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Comment: Re: Help us Google Fiber! You're our only hope. (Score 1) 568

by laptop006 (#45220753) Attached to: Top US Lobbyist Wants Broadband Data Caps

More like 16Tb per fibre pair in each direction, most of the major commercial vendors (ALU, Infinera, Ciena, etc.) have 4+ Tb systems out.

And long-haul fibres are usually getting towards 372 fibre, even metro rarely goes less than 72 fibre.

Only submarine systems run much lower than that, with a usual limit of 8 or 16 fibres due to the requirements led by inline amplification.

Comment: Re:The problem is (Score 1) 78

by laptop006 (#44444283) Attached to: Alcatel-Lucent Cuts Go Deeper — 7,500 Jobs Gone and Counting

Er, No.

The "big boys" are the IP networks, and have been for years, in practice there's two major vendors (Cisco & Juniper) and a bunch of also-rans that can play somewhat (ALU and Brocade [Foundry]).

ALU kit can run core & transmission, but it's not the top tier kit.

The "big boys" are also migrating wholesale to 100g links as their multi-terabit backbones get painful to manage with trunked 10g links.

Comment: Re:Helps but not a complete solution. (Score 1) 953

by laptop006 (#43524531) Attached to: Some Windows XP Users Can't Afford To Upgrade

That's utterly false.

It's the stateful firewall that's doing that, which is a pre-requisite for some common forms of NAT.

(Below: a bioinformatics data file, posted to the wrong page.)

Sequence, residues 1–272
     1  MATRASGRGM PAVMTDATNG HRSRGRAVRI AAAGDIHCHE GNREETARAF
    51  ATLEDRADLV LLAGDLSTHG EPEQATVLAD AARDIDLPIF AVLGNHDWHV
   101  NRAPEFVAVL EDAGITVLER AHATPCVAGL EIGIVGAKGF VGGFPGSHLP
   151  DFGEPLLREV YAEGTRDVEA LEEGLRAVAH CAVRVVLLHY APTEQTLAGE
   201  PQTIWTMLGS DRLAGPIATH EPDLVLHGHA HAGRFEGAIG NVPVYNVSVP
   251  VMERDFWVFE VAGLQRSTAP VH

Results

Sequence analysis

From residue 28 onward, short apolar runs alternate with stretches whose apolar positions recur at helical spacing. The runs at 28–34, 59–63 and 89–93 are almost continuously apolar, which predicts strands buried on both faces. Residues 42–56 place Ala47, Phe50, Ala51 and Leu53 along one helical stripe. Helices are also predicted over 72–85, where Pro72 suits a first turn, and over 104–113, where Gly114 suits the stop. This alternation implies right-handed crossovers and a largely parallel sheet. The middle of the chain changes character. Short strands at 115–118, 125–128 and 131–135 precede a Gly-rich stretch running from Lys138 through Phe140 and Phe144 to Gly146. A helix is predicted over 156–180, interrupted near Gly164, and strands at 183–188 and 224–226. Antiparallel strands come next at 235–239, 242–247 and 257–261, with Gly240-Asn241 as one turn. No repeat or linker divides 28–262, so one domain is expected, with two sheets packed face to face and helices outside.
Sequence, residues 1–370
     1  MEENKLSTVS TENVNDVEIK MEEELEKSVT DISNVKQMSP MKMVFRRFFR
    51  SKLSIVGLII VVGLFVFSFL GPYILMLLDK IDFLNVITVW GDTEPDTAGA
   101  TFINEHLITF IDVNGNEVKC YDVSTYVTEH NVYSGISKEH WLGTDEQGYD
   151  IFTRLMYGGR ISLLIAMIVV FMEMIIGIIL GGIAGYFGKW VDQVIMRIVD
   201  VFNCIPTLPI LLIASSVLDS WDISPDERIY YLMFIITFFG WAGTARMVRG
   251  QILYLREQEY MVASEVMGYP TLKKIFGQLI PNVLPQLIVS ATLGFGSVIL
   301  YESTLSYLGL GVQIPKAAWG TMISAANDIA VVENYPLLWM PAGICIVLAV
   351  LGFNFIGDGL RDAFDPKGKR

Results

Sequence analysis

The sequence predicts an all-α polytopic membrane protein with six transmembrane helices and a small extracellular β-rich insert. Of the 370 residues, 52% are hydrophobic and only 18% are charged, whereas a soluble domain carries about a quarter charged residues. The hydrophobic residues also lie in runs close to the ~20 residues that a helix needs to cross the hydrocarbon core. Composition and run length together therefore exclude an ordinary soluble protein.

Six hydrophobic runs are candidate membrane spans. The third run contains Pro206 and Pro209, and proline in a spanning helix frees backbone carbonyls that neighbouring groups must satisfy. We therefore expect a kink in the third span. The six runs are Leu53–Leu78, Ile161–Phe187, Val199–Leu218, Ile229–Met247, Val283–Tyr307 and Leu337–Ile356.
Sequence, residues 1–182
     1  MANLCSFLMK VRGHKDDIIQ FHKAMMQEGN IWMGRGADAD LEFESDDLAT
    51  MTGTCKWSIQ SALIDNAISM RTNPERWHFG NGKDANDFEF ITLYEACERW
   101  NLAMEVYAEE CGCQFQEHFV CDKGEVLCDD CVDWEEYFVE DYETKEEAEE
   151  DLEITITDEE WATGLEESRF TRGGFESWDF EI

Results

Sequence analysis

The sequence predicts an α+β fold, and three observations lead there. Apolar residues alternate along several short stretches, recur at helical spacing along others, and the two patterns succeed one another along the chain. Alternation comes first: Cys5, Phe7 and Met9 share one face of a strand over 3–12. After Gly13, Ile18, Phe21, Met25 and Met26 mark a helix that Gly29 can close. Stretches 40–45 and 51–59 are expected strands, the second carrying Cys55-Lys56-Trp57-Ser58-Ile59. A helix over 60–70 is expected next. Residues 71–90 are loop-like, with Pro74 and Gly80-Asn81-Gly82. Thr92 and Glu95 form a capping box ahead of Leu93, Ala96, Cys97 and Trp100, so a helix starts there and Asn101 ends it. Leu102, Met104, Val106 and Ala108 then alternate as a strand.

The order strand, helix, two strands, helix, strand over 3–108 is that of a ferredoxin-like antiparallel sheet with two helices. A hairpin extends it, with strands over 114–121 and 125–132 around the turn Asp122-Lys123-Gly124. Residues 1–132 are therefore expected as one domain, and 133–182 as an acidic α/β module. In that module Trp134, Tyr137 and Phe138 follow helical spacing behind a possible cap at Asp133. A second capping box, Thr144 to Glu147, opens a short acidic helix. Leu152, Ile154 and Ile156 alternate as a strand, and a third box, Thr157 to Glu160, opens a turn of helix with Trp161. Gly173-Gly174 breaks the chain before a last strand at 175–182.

Most, if not all, IPv6 supporting consumer routers by default have a firewall configured on IPv6 with essentially identical semantics to that for v4, allow all out, allow nothing in.

Comment: Re:If Google sold servers... (Score 1) 152

by laptop006 (#41321885) Attached to: Intel Confirms Decline of Server Giants

"bonded/trunked NICs"

Why does that matter? The only justification for bonding with 10g these days is "redundancy" and I've seen many more outages (at a variety of sites) from people failing at bonding than I have from switch failure.

If a machine is that critical the service it runs shouldn't live on a single machine.

Even at my last job where we had a design based on multiple SPOFs we lost machines to PSU or drive/RAID failure several times, but never network, except for the one site that did "redundant" NICs.

Comment: Switches (Score 2) 140

by laptop006 (#40243905) Attached to: Ask Slashdot: Enterprise-Grade Linux Networking Hardware?

Pretty most software devices I've seen have either been a rebadged Dell or Supermicro, with the top end running custom cases, and the low end doing whitebox.

In terms of "real" networking kit though, there is a bunch of switches that run linux:

Arista (everything)
Extreme (everything running XOS, which is all current models)
Cisco (everything running IOS XE, the only switch being the 4500-X)

All Juniper devices that run JunOS are FreeBSD, this includes both the EX and QFX switch lines, as well as their SRX firewalls.

Also most of the openflow-aimed switches run Linux, eg http://www.pica8.com/

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